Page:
GEB paper

HACIER discovered that some ecological rules were altered by people 5,800 years ago.


Šizling, A.L., Pokorný, P., Juřičková, L., Horáčková, J., Abraham, V., Šizlingová, E., Ložek, V., Tjørve, E., Tjørve, K.M., and W.E.Kunin. 2016. Can people change the ecological rules that appear general across space? Global Ecology and Biogeography, DOI: 10.1111/geb.12467. 


Aim Projections of human impact on the environment and biodiversity patterns are crucial if we are to prevent their destruction. Such projections usually involve the assumption that the same human activities always affect biodiversity in the same way, either in geographically distant areas within the same time-scale or in the same areas in different periods. In this paper, plant and snail fossils from central Europe that cover the last 12,000 years provide evidence against this assumption. Location Central Europe. Methods We examined fossil data on central European plants and snails and extracted time-series of (1) local species richness (alpha diversity) at a scale of approximately 300 m 3 300 m and decays of (2) the Jaccard index and (3) Simpson’s beta with increasing distance (up to approximately 400 km) through time. Results We show that two vital biodiversity patterns follow neither oxygenisotope nor borehole temperature proxies, but instead vary between archaeologically known periods, with the most noticeable and irreversible breaks (1) when arable agriculture was introduced into central Europe, (2) when the Roman Empire collapsed, and (3) during the event known as the 12th-century colonization in central Europe. The patterns computed from data across time sometimes contradicted the patterns computed across space. Main conclusions We therefore infer that people can, and sometimes have, contributed to temporal changes in ecological rules that are seemingly general across space. Our findings indicate that the changes in ecological rules are so substantial that efforts to project future biodiversity based on space-for-time substitution might fail, unless we gain knowledge about how these general rules are altered.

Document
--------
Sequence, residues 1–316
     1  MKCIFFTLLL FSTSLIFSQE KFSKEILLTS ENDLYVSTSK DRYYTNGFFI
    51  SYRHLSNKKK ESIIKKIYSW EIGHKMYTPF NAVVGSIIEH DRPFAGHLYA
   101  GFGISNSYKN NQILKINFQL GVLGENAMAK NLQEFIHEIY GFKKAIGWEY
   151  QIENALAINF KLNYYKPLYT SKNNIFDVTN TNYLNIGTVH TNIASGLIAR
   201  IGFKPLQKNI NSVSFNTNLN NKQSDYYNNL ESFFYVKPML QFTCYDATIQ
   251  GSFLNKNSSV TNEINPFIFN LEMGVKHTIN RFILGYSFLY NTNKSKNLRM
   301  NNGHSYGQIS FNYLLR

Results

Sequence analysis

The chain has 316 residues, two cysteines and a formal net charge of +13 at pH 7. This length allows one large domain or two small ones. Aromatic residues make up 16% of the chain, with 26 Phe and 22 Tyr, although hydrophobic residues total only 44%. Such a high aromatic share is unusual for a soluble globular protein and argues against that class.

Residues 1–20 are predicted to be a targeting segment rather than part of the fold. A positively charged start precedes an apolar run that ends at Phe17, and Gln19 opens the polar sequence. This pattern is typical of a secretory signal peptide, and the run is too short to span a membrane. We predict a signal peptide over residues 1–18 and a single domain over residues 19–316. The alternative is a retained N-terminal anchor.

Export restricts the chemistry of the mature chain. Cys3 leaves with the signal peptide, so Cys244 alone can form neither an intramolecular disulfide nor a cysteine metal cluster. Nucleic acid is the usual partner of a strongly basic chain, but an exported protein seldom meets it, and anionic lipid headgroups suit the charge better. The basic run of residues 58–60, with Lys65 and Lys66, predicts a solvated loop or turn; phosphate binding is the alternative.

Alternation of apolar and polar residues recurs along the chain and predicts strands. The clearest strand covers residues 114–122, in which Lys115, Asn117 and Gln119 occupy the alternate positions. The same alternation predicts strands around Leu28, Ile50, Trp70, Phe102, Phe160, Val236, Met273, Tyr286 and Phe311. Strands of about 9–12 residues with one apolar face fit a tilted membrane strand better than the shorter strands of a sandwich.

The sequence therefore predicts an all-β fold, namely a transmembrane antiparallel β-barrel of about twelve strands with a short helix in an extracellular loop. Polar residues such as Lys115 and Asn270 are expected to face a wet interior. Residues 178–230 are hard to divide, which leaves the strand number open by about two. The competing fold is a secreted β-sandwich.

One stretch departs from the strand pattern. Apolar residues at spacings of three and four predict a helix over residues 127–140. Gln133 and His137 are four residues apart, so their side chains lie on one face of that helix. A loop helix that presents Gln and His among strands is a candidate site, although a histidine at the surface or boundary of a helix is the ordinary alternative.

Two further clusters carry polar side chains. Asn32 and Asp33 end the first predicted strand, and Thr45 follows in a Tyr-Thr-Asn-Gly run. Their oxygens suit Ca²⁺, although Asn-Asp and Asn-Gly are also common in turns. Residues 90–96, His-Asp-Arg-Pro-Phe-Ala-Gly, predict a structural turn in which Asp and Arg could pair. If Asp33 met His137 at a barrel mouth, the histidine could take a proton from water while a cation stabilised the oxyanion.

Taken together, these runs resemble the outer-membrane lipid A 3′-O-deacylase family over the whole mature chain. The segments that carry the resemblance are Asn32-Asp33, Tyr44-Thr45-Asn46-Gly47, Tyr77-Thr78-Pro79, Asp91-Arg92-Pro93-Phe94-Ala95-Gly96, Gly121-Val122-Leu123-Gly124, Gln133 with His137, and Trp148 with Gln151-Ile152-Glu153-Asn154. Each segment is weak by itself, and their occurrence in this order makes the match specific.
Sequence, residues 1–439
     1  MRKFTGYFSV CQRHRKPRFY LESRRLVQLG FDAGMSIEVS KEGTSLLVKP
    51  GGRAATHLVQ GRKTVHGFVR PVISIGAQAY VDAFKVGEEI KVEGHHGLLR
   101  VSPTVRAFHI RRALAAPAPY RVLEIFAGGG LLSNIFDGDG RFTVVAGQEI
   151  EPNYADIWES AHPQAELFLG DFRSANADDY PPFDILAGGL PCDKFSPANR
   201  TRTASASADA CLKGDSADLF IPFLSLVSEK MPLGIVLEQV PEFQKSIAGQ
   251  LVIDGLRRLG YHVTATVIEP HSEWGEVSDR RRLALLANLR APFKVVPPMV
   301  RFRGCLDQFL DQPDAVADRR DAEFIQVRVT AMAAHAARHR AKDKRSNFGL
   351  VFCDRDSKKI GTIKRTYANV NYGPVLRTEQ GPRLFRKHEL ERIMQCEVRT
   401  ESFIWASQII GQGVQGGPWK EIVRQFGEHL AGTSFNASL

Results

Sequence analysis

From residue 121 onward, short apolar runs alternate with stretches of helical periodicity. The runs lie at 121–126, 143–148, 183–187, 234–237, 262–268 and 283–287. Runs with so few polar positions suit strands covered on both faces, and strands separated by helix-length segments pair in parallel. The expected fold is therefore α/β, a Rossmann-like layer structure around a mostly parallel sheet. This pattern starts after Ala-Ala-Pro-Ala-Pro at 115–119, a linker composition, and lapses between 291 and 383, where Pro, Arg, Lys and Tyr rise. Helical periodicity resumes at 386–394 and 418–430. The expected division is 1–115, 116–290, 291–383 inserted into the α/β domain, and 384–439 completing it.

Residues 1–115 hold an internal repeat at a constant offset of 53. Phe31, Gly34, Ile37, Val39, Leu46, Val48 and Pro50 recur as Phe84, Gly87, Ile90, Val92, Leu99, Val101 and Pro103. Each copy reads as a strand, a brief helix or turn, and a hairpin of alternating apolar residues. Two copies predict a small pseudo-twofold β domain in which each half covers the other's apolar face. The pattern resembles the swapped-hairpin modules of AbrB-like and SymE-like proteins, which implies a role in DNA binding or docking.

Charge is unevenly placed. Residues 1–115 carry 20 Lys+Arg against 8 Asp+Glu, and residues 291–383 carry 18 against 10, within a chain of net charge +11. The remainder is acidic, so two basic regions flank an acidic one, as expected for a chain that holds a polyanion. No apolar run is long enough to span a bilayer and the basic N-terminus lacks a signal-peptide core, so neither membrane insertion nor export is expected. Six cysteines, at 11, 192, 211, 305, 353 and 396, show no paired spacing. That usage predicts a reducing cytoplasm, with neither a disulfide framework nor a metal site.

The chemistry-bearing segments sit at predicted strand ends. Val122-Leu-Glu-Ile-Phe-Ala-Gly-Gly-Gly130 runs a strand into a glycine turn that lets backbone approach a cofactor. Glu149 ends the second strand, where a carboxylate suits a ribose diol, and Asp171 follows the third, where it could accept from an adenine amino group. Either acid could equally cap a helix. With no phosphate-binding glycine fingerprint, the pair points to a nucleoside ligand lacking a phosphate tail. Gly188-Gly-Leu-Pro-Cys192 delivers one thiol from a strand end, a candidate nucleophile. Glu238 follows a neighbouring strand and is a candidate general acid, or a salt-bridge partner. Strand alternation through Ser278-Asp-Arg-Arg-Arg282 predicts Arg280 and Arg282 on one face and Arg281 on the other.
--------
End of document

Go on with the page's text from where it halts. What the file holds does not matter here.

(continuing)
HACIER developped a tool that helps convert local species richness of palaeo-samples to the species richness of a whole region.



Šizling, A.L., Šizlingová, E., Tjørve, E., Tjørve, K.M., and W.E.Kunin. 2016. How to allow SAR collapse across local and continental scales: a resolution of the controversy between Storch et al. (2012) and Lazarina et al. (2013). Ecography, doi: 10.1111/ecog.02181. 


 Up-scaling species richness from local to continental scales is an unsolved problem of macroecology. Macroecologists hope that proper up-scaling can uncover the hidden rules that underlie spatial patterns in species richness, but a machinery to up-scale species richness also has a purely practical side at the scales and for the habitats where direct observations cannot be performed. The species–area relationship (SAR) could provide a tool for up-scaling, but no valid method has yet been put forward. Such a method would have resulted from Storch et al.’s (2012) suggestion that there is a universal curve to which each rescaled SAR collapses, if Lazarina et al. (2013) had not shown that it does not: both arguments were supported by data analyses. Here we present an analytical model for mainland SAR and argue in favour of the latter authors. We identify 1) the variation in mean species-range size, 2) the variation in forces that drive SAR at various scales, and 3) the finite-area effect, as the reasons for the absence of collapse. Finally, we suggest a rescaling that might fix the problem. We conclude, however, that ecologists are still far from finding a practical, robust and easy-to-use solution for up-scaling species richness from SARs.